Looking Back on 2007

Its nearly the end of the year and perhaps its time to look back on what we have achieved this past year and how those achievements are going to influence events in 2008. Sometimes it is good to look back and see how far we have come, while we are climbing this mountain the stress and effort blinds us to the fact that we are making progress.

At the March 2006 MDC Congress I was privileged to watch 22 000 people, 99 per cent of them poor and disadvantaged, arrive to participate in what turned out to be a milestone event. They came from every corner of the country and they had paid their own way. The Party had split in two the previous October and the faction breaking away from the mainstream of the Party had taken most of the liquid and moveable assets. Morgan Tsvangirai and his remaining stalwarts did not even have a bank account. The State grant to political parties had been hijacked by the other faction and major donors and supporters were withholding their support. No so the people!

After hours of scrutiny, the organisation we had asked to come is as an independent body for this purpose, accepted 18 500 people as delegates from their Districts and Provinces and we got the Congress under way. Eventually we elected leadership and then we resolved several major initiatives.

1. To launch a programme of no compromise with, and continued Democratic Resistance to Zanu PF rule.
2. To force the date of the next elections back to March 2008 (Zanu PF was proposing to delay them to June 2010), and
3. To force negotiations with Zanu PF on the issue of the conditions required for Free and Fair elections.

What we now call the 'DRC' or the Democratic Resistance Campaign was duly launched and became the target of near paranoia by the regime and its security organs. Its leadership were arrested and detained, many were beaten and some were even killed and many had false charges laid against them. Allegations were made that we were planning a coup and that we were guilty of violence against the State. None of these allegations stood up in Court and the majority of our leadership was eventually released from detention. However some have fled and are now in exile, including Roy Bennett who was elected as Treasurer General at the Congress. Some are still recovering from the beatings they received whilst in custody.

The DRC did however put the MDC back on the map. The Congress started that process - it was a clear demonstration of the popular mandate we carry and it was the subsequent campaign that reasserted the place of the MDC as the principal in the process of change in Zimbabwe. Media coverage, even with all the constraints on the international media and the complicity of the SABC and local State controlled media, thrust the leadership of the MDC back into the limelight and highlighted the continued delinquency and human rights violations of the Zanu PF regime.

Then came the decision by President Mbeki to have another go at resolving the Zimbabwe crisis. With the rise of Jacob Zuma in the ANC, the threat of a split in the ANC was receding. The June 2010 agenda of Zanu PF was a threat to the World Cup and international pressure on regional leadership to bring Mugabe to heel was relentless. The massive assault launched by Zanu PF and its security agents against the MDC just made matters worse. One consequence was the decision of the SADC leadership to collectively resolve on the 29th March 2007, to recognise the MDC as a principal player, demand that the elections be held in March 2008 and that negotiations take place with the MDC to determine what changes would be required to ensure that no one could question the outcome.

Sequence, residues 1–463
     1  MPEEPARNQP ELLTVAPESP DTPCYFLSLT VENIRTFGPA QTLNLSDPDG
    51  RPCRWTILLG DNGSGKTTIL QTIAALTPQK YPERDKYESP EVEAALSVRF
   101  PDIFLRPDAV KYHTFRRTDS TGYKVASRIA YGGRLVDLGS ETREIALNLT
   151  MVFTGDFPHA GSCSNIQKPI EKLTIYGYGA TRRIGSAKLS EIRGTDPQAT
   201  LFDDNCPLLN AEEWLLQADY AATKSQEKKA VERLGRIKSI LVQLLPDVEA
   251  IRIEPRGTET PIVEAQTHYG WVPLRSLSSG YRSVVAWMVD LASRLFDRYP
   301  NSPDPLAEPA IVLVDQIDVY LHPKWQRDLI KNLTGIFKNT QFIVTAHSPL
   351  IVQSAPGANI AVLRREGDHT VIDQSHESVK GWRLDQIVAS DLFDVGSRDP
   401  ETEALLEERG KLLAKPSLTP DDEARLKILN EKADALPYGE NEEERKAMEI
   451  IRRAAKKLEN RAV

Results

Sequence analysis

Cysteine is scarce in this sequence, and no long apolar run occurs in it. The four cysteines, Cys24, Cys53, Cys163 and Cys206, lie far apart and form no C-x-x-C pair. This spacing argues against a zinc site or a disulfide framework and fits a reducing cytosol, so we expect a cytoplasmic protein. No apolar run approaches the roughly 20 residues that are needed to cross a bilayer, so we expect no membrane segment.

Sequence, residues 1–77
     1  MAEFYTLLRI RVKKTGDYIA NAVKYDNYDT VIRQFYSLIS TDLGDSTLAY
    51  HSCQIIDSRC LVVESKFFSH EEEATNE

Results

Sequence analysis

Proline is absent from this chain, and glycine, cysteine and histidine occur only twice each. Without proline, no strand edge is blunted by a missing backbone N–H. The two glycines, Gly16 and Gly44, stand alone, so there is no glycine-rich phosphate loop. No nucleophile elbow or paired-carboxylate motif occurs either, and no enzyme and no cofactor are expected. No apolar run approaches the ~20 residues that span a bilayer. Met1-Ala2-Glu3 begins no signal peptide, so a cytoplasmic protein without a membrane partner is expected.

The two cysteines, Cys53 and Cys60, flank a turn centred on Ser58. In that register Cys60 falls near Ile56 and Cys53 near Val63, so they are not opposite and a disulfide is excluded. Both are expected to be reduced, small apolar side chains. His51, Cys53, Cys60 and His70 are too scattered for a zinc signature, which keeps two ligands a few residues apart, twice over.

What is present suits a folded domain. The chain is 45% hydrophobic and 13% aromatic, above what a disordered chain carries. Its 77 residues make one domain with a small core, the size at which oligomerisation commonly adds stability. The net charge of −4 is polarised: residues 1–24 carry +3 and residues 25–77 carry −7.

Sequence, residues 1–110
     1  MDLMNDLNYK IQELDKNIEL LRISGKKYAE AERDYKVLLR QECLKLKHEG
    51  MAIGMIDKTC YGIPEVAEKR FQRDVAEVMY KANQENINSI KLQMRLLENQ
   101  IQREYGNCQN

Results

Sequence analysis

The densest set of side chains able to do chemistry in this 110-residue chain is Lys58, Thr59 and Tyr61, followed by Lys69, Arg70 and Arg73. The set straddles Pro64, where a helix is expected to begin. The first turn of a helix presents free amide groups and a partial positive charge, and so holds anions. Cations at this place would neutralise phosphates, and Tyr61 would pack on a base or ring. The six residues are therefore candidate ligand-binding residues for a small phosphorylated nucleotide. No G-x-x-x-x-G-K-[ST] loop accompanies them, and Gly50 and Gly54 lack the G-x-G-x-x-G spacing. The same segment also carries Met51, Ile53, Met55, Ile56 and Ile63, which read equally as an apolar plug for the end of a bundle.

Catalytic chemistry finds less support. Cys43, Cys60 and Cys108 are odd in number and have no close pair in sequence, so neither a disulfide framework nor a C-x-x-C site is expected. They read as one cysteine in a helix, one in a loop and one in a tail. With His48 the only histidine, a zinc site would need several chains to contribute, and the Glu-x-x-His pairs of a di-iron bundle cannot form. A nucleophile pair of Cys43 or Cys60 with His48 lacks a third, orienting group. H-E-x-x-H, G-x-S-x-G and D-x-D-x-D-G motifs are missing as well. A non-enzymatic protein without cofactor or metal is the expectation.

In fact the SADC decision was virtually the 'MDC Roadmap' adopted 12 months before at the Congress. It was a massive victory for the MDC. But at the time we warned the South African leadership that they should not underestimate the duplicity and cunning of the Zanu PF leadership.

Well now, as everyone knows, after a rocky start when Zanu PF refused to go to negotiations with the MDC as demanded by SADC, the MDC and Zanu PF have been locked in negotiations for the past six months. Virtually every basic demand made by the MDC for free and fair conditions has been agreed in these South African brokered talks. The breadth and extent of the decisions taken will astonish people when they are finally made known. This is an considerable achievement and one we should all be celebrating this Christmas.

South Africa has come to appreciate what we knew from the start - that Mr. Mugabe is a wily devil, right now Zanu PF is disingenuously arguing that as the talks have taken so long (entirely their fault), there was no time left to implement the agreements before the March elections! So, they demand, lets leave things as they are and the government elected in March will implement the agreement! The audacity of these guys is just astonishing!

We have said to the facilitators that could we not accept such a situation. The piecemeal implementation of this deal is just not on - we want all aspects implemented or no deal at all. What the MDC has demanded from the start is the full recognition and implementation f the SADC guidelines and protocols on free and fair elections, nothing less and nothing more. For Zanu PF the implications are clear and they are terrified.

Jacob Zuma is now leader of the ANC and this strengthens the pro change position of South Africa. It is also clear that Mr. Mugabe has made little progress with his SADC colleagues who are demanding change and reform. We are not going to compromise and no progress is possible without us - so I am pretty sure we are about to see real change and an election where at last the views of the majority in Zimbabwe will be allowed to prevail.

Eddie Cross
Bulawayo, 19th December 2007